Bellas, allow me to introduce you to my friend Bassey Ikpi.
She is an AMAZING woman. Super smart, super funny, brave and outspoken and fabulous and SO talented. You might remember her from Teen Summit back in the day, or Def Poetry Jam, where she set the stage ablaze with her soul stirring words.
Bassey has a new project and a new focus. She is the founder of a nonprofit organization called The Siwe Project, that seeks to raise awareness about a topic many in our community would prefer not to discuss — mental illness, and awareness of mental health issues. Bassey is open about her own struggles, but not everyone is able to be as forthcoming about their own. Sometimes that’s because of a job, or friends, or family. Sometimes it’s about the society you might live in – some communities are more judgmental and less compassionate than others. Sometimes it’s about the internal feelings of sadness, pain and shame that dealing with mental illness can stir up. To combat that, and help more people acknowledge their struggle, Bassey created No Shame Day. All day today, July 2, people are using the hashtag #NoShame to share their stories and inspire others to share theirs.
I reached out to Bassey for more information about No Shame Day, The Siwe Project, and mental illness awareness in the black community – not just in the US, but around the world.
Afrobella – What is The Siwe Project all about?
Bassey – The Siwe Project is an organization that seeks to promote mental health awareness in the global black community. I realized that while I was talking about my own experiences with mental illness, so many people wanted to seek help and knew they needed some help but were afraid of the stigmas attached. It bothered me that shame and stigma were preventing people from taking care of themselves. The goals of The Siwe Project are to encourage and to empower people to take care of their mental health.
Afrobella -Talk to me about No Shame Day. What inspired you to begin this movement?
Bassey – No Shame Day was actually inspired by both the It Gets Better Campaign and National HIV Testing Day. I saw how powerful those two movements were in encouraging people to take better care of themselves. When I speak about my illness, I get what I call the “me toos”. Hearing personal stories and being able to identify with someone and say ,”Hey, I feel like that too.” is so important. We feel alone in the things we go through. So I wanted there to be some voices rising above the fray that live as an example. I know that I’ve been through it with my mental health but it wasnt’ until I started speaking openly about it that I learned that I wasn’t alone in this. That sense of community inspires me to check in on my myself. No Shame Day is 24 hours of people telling their stories, inspiring and encouraging others to tell their stories. If you have been too scared to make an appointment or too scared to go see a doctor, July 2, 2012, you can get on Twitter and speak to people who can offer you the support and encouragement you may need.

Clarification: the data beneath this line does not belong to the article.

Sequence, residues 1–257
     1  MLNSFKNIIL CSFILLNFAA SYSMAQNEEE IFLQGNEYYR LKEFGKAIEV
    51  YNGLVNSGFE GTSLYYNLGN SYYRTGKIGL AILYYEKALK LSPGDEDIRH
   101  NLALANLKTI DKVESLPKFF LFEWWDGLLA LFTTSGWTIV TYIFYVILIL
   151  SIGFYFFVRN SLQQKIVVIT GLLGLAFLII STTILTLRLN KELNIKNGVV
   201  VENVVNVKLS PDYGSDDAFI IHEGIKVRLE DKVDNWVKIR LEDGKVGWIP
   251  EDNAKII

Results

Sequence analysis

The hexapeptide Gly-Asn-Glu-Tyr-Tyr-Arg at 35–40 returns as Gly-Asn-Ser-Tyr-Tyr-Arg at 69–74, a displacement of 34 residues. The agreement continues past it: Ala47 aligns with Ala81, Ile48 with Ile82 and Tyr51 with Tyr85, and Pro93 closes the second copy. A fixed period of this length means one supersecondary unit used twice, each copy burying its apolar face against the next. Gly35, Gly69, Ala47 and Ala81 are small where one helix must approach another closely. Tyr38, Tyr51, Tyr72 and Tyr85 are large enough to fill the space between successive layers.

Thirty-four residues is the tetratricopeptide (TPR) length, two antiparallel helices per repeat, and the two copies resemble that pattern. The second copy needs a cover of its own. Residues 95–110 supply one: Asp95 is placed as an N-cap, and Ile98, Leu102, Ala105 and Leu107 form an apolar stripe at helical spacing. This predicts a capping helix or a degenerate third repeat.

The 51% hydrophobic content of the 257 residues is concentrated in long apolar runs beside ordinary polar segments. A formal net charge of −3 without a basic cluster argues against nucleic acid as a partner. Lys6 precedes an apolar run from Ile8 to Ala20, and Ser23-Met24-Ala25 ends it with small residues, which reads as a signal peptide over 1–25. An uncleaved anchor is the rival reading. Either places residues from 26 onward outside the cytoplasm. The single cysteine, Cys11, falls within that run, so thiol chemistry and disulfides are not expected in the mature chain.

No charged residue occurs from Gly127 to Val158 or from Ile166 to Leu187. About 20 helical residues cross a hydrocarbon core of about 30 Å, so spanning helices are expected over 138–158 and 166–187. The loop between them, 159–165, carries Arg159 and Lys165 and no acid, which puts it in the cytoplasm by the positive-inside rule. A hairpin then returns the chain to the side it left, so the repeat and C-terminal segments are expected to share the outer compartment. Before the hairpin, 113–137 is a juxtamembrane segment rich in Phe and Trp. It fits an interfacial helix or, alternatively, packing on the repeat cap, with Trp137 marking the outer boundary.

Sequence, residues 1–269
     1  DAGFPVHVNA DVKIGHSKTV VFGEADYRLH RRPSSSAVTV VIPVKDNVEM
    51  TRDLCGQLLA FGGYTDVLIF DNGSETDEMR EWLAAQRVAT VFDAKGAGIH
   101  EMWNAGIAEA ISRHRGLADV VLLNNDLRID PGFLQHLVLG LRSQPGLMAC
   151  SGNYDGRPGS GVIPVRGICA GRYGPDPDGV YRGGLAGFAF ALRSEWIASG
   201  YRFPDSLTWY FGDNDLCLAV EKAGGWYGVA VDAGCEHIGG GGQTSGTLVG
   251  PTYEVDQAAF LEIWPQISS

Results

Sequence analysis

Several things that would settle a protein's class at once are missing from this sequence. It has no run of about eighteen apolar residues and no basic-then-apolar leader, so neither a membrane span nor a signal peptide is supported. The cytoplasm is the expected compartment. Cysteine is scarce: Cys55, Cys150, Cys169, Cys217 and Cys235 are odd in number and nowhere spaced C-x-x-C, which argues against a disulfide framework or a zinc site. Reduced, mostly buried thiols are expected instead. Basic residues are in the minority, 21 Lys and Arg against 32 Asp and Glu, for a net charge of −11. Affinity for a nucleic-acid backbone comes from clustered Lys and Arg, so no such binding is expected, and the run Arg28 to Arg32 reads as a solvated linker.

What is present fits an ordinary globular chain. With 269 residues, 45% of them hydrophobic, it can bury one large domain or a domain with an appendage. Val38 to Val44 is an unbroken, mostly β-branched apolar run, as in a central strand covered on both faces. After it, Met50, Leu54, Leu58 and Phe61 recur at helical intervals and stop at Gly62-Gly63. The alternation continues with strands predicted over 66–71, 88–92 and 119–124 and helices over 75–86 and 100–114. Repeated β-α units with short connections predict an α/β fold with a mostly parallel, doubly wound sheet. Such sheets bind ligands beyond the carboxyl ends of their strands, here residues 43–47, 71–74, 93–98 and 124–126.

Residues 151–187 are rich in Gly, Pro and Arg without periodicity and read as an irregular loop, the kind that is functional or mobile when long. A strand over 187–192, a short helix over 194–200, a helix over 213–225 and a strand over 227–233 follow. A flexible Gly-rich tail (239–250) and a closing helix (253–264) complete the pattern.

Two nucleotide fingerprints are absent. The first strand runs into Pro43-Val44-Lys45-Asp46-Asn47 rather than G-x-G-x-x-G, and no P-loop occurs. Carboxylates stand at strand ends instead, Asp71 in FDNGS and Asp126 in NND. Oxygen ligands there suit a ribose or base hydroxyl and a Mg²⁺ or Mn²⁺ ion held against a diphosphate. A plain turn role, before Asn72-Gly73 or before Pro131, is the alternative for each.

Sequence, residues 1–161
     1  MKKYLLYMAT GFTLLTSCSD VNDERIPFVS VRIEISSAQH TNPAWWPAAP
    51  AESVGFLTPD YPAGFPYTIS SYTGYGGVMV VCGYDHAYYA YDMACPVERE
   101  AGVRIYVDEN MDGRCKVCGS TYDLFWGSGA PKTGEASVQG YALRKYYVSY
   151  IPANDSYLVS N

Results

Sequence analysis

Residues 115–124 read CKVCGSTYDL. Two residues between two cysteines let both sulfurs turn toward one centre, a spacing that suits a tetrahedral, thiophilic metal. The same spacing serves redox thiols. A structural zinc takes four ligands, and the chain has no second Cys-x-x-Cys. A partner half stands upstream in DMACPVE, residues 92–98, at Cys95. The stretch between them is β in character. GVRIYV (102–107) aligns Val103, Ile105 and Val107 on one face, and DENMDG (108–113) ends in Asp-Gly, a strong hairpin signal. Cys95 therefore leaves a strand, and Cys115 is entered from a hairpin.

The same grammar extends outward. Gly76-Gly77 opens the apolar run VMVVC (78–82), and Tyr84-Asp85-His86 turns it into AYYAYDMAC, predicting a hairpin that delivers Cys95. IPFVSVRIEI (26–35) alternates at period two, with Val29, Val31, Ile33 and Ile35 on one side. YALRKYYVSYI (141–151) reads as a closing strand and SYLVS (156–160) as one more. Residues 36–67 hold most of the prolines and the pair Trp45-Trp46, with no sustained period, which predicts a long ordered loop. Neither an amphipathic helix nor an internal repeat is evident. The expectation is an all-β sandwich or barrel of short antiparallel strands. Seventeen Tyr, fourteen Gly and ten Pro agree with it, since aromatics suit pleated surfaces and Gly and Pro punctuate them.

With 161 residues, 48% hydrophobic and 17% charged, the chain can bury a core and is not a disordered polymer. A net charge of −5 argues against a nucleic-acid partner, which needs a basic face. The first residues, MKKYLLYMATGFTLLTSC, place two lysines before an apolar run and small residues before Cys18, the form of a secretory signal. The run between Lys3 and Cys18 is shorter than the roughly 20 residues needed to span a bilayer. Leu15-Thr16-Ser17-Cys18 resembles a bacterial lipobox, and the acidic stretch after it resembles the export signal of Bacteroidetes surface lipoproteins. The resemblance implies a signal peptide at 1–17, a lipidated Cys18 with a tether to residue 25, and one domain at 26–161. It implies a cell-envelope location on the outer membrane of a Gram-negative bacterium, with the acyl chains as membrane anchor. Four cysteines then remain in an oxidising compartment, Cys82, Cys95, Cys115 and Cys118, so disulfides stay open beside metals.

Mental illness is the only disease or ailment I’ve ever seen where people are actively discouraged from getting help. It blows my mind and it upsets me. I don’t care if you don’t care about your own mental health but to talk someone else out of taking care of theirs is cruel to me. I feel like there needs to be dissenting voices and encouraging experiences. My life changed for the better once I started addressing my mental health needs and I want that for everyone. I also don’t say that I “suffer” from bipolar disorder or that I AM bipolar. I have and I live with bipolar disorder. Changing the way I speak about it has also been helpful in changing how I treat it and the place it has in my life.
It’s like if I were a dancer and I hurt my ankle. How I treat that ankle will determine whether or not I get to dance again. That’s how I treat my brain. I have a sprain so to speak. So I nurse it. I make sure I’m okay before I do certain things. I know what my triggers are. I know what my stressors are. I know to be careful during certain times of the year or around certain stimuli. It’s something that I live with. I don’t suffer from it. I know I need to change my lifestyle in order to accommodate this thing. It’s not always possible but it’s always necessary. I take care of my body and I take care of my brain.
I understand that it’s not easy or wise for everyone to speak openly about their mental health challenges. I would never ask anyone to jeopardize their lives. This isn’t about pressuring people to talk about it, this is more about encouraging those who are comfortable and can speak openly about their process to show themselves. My hope, and what I’ve experienced, is that that openness helps relieve some of the fear that and that will encourage people to treat and manage their mental health. It’s just like any other physical means to being healthy. I want folks to start adding mental health to their annual check ups.
Afrobella – What is your ultimate dream for No Shame Day and The Siwe Project?
Bassey – My dream is that it becomes a movement. I want No Shame Day to be an annual event that is written about and reported on on TV. I want PSAs. I want this idea that your mental health is just as important as your physical health to catch on. I want people to stop being afraid of “crazy”. There is so much misinformation and dangerous ideas about mental illness. It makes me angry but I also know that the ignorance comes with people really not understanding what it means to have a mental illness. Especially in the black community. It’s not something you can pray away or “think away”. It’s not a character defect or moral flaw. It’s not about a lack of faith. It is an illness and with most illnesses it must be treated and managed. It’s my dream that The Siwe Project becomes part of the larger conversation about what it means to have a mental illness and how having a mental illness is not who you are, it’s what you have. Just as you have diabetes or cancer, those things won’t necessarily kill you and your chances of surviving and thriving increase with awareness and a pro-active approach.